The book Outliers by Malcolm Gladwell is a thought-provoking work that has managed to generate discussion about people of great importance, such as Einstein and Gates.
Gladwell believes that executives are able to think outside the box in order to successfully carry out their business practices. These "outliers" have a particular tendency towards making decisions they believe will lead them down the success path, which makes them stand out from those who are not as successful. They tend also to accept criticism in different manners than those who are less successful. Outliers are persistent from the beginning of their lives and spend an extensive amount of time with their skills - be it studying or developing them further. Although these skills may be overlooked by others, they are still important to the executives who are able to make different decisions than those that are unsuccessful.
One of the most important aspects of this book is the ability for an executive to be persistent in their goals – even if it is not the main focus of their business at the time. If they believe in what they want to achieve, then they will be very successful. In contrast, executives who are not persistent in their goals and lack a sense of commitment may be less successful than those who are.
The main focus of this book is the fact that there are many different factors to success. "Highly successful people, in the main, come up with a theory about themselves and then they make their lives conform to that theory." This ranges from executives who are not naturally talented but have worked hard at their skills and those who have been born into wealthy families. Although things like these may contribute to being successful, it is important for people not to overanalyze and concentrate on one particular aspect which may distract from other aspects of success.
In this book, Gladwell makes the point that there are many different habits and skills that can make someone successful. The main focus of this book is instead the idea of "exceptionality" which means "persistence over time", or "doing something well at a very young age".
Outliers is often used as a text for those studying for their MSc programmes in Human Resource Management at Coventry University, Northumbria University and University College London.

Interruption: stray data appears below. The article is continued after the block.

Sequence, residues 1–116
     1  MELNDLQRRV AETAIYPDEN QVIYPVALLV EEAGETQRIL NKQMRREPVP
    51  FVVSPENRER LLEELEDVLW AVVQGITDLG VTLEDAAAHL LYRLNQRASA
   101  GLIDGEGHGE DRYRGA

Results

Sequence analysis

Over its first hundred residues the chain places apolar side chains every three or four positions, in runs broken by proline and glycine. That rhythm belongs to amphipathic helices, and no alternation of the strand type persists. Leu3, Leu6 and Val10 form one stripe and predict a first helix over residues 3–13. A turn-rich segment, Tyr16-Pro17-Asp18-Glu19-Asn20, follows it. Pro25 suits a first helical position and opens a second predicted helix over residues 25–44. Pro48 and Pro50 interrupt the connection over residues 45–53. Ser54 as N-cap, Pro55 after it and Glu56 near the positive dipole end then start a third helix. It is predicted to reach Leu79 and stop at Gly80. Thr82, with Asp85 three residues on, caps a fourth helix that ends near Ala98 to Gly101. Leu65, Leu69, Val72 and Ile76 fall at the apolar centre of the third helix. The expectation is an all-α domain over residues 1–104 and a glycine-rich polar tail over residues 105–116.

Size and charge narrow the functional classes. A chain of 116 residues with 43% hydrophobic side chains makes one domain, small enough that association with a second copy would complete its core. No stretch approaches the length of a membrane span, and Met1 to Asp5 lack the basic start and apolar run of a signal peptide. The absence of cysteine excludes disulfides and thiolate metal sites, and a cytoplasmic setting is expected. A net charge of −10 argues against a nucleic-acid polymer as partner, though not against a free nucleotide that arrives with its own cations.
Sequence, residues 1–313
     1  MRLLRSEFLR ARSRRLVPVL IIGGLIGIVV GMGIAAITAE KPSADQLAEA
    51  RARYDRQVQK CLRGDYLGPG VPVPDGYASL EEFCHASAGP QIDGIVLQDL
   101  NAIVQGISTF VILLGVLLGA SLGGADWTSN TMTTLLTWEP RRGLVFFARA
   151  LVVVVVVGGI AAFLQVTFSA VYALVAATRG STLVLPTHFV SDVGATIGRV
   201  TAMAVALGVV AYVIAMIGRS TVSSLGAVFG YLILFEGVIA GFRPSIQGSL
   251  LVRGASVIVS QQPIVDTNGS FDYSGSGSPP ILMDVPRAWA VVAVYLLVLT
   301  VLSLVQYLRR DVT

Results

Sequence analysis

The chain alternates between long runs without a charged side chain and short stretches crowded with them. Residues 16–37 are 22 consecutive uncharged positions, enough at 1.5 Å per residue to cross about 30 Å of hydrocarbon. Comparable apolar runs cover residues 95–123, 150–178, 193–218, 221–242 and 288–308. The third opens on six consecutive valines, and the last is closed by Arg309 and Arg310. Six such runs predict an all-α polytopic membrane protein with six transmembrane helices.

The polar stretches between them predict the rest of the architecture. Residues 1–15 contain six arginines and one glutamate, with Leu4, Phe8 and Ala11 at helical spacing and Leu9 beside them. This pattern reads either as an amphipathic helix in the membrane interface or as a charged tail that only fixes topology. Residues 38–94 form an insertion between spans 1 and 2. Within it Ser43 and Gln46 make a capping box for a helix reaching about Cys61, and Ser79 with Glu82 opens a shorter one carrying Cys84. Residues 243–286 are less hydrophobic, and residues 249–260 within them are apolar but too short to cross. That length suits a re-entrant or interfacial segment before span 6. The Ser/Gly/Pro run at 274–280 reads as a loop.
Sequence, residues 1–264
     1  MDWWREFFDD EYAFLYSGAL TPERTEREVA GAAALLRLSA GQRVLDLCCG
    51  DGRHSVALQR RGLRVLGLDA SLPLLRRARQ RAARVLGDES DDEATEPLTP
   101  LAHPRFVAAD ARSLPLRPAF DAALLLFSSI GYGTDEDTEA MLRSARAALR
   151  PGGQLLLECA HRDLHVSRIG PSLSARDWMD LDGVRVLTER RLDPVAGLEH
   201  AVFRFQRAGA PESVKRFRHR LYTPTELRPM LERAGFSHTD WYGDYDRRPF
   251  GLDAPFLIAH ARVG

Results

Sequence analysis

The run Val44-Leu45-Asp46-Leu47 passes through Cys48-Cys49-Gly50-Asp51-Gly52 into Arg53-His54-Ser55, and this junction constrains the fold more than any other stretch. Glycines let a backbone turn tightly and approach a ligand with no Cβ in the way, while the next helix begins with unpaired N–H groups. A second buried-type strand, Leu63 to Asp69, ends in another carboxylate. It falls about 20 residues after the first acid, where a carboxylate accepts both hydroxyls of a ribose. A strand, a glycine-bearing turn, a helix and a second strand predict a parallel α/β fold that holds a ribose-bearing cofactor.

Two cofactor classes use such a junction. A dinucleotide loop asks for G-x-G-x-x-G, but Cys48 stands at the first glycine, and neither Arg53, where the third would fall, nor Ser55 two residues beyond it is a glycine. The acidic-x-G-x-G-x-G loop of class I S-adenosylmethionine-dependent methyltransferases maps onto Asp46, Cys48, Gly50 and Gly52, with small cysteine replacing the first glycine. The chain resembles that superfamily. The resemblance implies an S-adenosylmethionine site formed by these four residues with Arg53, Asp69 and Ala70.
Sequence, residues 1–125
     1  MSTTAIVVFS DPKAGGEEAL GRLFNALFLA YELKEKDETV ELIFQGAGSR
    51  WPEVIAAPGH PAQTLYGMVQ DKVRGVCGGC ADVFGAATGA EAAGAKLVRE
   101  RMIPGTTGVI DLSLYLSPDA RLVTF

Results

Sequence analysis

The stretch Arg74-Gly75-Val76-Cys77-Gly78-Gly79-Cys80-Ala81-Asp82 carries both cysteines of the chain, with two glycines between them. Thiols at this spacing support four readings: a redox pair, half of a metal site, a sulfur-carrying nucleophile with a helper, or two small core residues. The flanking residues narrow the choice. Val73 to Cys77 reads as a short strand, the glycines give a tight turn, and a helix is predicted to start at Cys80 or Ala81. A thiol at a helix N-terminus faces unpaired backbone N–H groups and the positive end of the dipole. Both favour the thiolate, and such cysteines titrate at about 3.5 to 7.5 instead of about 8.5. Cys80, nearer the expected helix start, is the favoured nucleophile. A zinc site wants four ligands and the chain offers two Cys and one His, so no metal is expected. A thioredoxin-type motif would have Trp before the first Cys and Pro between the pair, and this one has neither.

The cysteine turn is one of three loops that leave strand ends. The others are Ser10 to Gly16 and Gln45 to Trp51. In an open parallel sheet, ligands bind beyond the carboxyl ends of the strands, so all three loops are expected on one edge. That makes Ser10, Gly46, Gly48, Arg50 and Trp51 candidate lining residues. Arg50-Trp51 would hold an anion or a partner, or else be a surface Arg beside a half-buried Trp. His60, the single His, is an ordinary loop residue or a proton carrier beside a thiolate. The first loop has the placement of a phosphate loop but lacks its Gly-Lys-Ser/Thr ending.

This book has received a good response on both the language and the symbolism used. Its main focus of "exceptionality" is often criticized for its lack of definition as well as not being an accurate term. It is hard to find clear evidence backing up whether or not something is "exceptionally talented" or not due to the way that "high school dropout rates" are defined. The flow of ideas within the chapters is evident by his use of sub-headings to reinforce that a particular idea follows a set pattern.
In conclusion, I personally, I did resonate with Malcolm Gladwell's analysis of outliers and their path to success. However, I did not particularly share his take on the premise that individuals cannot through force of habituation, become a better version of themselves and alter the course of their lives. For example in the first chapter, Gladwell claims that successful hockey players are on average born within certain months out of the year; This is in part because of their physiological composition which makes them "more developed" then their peers. However having played hockey myself I can assure the success of a player is in direct connection to the work they would do on and off the ice, and not because they were 4 months older than anyone else on the team. Sidney Crosby was born outside of these birth months but became exceptionally talented through repetition and determination, not because of his birth month. Hence, I like the book for its idealistic approach to success and gave a pertinent account of what would perhaps be a good indicator of future success, however it fails at recognizing the power of the individual to control their situation regardless of their circumstances.
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